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Finally, scientists explain the ‘teapot effect’, the dribbling of the liquid outside the teapot

Scientists have now explained the 'Teapot effect' which takes place when pouring liquid from the teapot too slowly, it at times dribbles down outside the teapot, making the spotless white tablecloth dirty (Pic. Courtesy gigazine.net)

There are several situations and phenomena which are intriguing but can’t be explained, at least for the time being. One such was the “teapot effect”.

“Teapot effect” takes place when pouring liquid from the teapot too slowly, the liquid flow at times does not disengage from the teapot, making it into the cup but with the liquid dribbling down outside the teapot. This since time immemorial has made spotless white tablecloths dirty.

While several scientific studies over many years were done to explain the effect, it is now a team of researchers from TU Wien has been able to do successfully, according to a report in scitechdaily.com. The team has comprehensively described the “teapot effect” with not just theoretical examination but also several experiments. According to them, the interaction between varied forces keeps a small quantity of liquid at the edge directly, and this is enough for the flow of liquid to be redirected under certain conditions.

History of “teapot effect”

Markus Reiner in 1956 described the “teapot effect”. In 1913 he got his doctorate from TU Wien, following which he moved to the US. There he emerged as an important pioneer in the science of flow behaviour or rheology. Several scientists made numerous attempts to explain this effect precisely and work on this issue received the satirical “IG Nobel Prize” in 1999.

With the team of TU Wien now doing the explanation, the teapot effect has come full circle. The team which did it included Dr. Bernhard Scheichl, who is a Key Scientist at the Austrian Centre of Excellence for Tribology (AC2T research GmbH) and a lecturer at the Institute of Fluid Mechanics and Heat Transfer and it was done in collaboration with University College London’s Department of Mathematics.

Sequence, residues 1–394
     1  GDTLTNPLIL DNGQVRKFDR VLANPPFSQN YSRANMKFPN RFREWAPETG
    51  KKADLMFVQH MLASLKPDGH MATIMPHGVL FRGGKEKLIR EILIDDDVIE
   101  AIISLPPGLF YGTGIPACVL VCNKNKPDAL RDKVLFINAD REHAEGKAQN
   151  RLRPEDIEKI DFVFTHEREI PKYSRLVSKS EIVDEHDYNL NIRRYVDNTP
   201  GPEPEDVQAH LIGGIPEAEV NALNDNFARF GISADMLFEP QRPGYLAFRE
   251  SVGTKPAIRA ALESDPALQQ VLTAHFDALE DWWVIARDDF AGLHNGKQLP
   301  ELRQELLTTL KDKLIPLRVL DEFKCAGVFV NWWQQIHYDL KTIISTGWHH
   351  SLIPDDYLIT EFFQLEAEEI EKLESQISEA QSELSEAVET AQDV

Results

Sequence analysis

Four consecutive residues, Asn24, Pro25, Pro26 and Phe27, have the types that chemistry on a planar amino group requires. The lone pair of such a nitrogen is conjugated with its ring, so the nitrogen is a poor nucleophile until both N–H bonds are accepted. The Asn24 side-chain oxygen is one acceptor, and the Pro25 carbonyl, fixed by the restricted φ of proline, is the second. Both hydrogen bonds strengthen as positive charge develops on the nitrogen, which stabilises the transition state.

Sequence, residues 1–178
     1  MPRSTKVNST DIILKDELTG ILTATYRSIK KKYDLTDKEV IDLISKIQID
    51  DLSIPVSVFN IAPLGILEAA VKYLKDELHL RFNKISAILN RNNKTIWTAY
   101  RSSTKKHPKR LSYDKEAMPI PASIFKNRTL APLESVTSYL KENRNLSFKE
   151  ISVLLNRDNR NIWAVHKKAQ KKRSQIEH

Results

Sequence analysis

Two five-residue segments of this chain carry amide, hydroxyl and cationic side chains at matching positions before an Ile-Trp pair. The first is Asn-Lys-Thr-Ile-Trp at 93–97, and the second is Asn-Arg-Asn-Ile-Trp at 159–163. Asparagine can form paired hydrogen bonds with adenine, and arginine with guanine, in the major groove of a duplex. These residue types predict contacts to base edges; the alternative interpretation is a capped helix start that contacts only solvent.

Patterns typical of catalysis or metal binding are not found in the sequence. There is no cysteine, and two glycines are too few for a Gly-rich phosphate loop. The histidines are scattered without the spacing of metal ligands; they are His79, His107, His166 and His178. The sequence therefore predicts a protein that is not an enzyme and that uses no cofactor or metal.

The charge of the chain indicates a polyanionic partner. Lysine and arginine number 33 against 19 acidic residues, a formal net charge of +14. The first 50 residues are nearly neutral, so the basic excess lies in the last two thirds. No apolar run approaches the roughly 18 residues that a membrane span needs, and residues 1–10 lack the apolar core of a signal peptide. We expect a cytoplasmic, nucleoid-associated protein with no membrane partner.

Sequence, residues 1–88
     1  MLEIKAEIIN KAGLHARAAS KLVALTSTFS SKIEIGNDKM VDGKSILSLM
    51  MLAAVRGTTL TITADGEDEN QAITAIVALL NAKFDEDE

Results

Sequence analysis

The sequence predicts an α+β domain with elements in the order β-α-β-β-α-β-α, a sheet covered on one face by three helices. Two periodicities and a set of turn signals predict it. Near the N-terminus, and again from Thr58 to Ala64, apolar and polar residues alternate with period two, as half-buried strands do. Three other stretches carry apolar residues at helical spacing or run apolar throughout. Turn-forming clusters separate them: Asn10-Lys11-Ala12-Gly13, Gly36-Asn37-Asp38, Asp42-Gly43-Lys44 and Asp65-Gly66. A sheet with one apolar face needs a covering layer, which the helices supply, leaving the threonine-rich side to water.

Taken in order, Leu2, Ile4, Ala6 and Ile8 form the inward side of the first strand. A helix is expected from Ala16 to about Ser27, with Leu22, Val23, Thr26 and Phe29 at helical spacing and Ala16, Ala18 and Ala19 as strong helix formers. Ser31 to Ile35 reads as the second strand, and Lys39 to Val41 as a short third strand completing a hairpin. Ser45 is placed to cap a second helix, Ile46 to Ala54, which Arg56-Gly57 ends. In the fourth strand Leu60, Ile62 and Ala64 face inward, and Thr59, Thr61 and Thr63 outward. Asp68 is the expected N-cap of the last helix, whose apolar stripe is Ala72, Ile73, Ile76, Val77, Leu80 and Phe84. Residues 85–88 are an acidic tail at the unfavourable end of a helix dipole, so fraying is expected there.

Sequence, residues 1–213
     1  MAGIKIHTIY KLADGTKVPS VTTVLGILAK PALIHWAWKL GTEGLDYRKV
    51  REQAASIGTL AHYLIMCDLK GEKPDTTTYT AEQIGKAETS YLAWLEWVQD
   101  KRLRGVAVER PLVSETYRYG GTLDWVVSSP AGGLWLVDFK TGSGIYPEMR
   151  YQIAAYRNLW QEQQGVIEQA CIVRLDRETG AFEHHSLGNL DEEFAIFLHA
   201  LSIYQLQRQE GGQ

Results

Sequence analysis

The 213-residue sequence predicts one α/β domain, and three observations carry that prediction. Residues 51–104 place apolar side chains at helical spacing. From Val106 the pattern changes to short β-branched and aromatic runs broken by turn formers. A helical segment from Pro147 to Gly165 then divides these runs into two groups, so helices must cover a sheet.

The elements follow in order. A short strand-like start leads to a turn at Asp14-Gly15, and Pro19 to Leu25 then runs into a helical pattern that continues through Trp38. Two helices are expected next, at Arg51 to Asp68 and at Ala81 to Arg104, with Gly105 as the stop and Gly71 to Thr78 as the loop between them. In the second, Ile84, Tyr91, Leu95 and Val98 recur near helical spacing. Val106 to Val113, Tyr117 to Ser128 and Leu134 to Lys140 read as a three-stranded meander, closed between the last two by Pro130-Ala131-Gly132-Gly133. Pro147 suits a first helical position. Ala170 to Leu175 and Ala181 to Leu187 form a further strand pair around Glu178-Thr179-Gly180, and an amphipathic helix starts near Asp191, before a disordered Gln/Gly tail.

Talking about the study, Scheichl said: “Although this is a very common and seemingly simple effect, it is remarkably difficult to explain it exactly within the framework of fluid mechanics.”

On the underside of the teapot beak there is a sharp edge and that plays a significant role. A drop forms, thus keeping the area directly below the edge permanently wet. The drop size is dependent on the speed of the flow of the liquid out of the teapot. Lower speed of the liquid than the critical threshold will result in the entire flow around the edge and dribbles on the teapot’s outside wall. “We have now succeeded for the first time in providing a complete theoretical explanation of why this drop forms and why the underside of the edge always remains wetted,” said Scheichl.

As for the mathematics involved behind this, it is rather complicated. It is an interplay of viscous, capillary forces and inertia. It is the inertial force that makes sure that the fluid tends to maintain its original direction, while right at the beak the capillary forces slow the fluid down. Interaction of these forces is what causes the teapot effect. The effect commences only at a specific contact angle between the wall and the liquid surface and this is ensured by the capillary forces. When this angle is smaller or the more wettable the material of the teapot is, the more the detachment of the liquid from the teapot is slowed down.

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What is significant is that gravity’s strength in relation to other forces that occur, doesn’t have a decisive role to play. While gravity decides the direction in which the jet is directed, its strength does not play a decisive role in the teapot effect. So this effect will take place even when one is drinking tea on a moon base but will not happen in a space station, the reason being absence of gravity there.

The teapot effect’s theoretical calculations were published in the Journal of Fluid Mechanics. Experiments too were conducted, in which water from an inclined teapot was poured at different flow rates and this flow was documented on a film through high speed cameras. Through this it became possible to exhibit exactly how the wetting of the edge below a critical pouring rate results in the “teapot effect”.